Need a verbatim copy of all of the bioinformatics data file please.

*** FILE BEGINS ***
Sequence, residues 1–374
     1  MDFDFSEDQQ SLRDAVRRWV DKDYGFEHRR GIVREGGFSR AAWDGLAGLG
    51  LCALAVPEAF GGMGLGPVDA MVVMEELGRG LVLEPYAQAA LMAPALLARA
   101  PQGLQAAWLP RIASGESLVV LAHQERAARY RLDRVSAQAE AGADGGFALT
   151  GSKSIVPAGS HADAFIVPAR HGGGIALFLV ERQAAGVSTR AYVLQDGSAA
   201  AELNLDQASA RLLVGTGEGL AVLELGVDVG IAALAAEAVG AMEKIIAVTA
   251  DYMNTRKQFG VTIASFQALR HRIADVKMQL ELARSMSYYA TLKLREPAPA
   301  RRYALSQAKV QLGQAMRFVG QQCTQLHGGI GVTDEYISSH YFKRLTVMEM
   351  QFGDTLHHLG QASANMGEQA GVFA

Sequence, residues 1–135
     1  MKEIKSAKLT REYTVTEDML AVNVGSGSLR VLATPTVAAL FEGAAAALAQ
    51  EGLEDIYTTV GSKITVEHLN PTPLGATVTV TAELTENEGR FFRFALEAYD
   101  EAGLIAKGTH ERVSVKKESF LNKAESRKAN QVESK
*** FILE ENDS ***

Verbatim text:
Sequence, residues 1–374
     1  MDFDFSEDQQ SLRDAVRRWV DKDYGFEHRR GIVREGGFSR AAWDGLAGLG
    51  LCALAVPEAF GGMGLGPVDA MVVMEELGRG LVLEPYAQAA LMAPALLARA
   101  PQGLQAAWLP RIASGESLVV LAHQERAARY RLDRVSAQAE AGADGGFALT
   151  GSKSIVPAGS HADAFIVPAR HGGGIALFLV ERQAAGVSTR AYVLQDGSAA
   201  AELNLDQASA RLLVGTGEGL AVLELGVDVG IAALAAEAVG AMEKIIAVTA
   251  DYMNTRKQFG VTIASFQALR HRIADVKMQL ELARSMSYYA TLKLREPAPA
   301  RRYALSQAKV QLGQAMRFVG QQCTQLHGGI GVTDEYISSH YFKRLTVMEM
   351  QFGDTLHHLG QASANMGEQA GVFA

Sequence, residues 1–135
     1  MKEIKSAKLT REYTVTEDML AVNVGSGSLR VLATPTVAAL FEGAAAALAQ
    51  EGLEDIYTTV GSKITVEHLN PTPLGATVTV TAELTENEGR FFRFALEAYD
   101  EAGLIAKGTH ERVSVKKESF LNKAESRKAN QVESK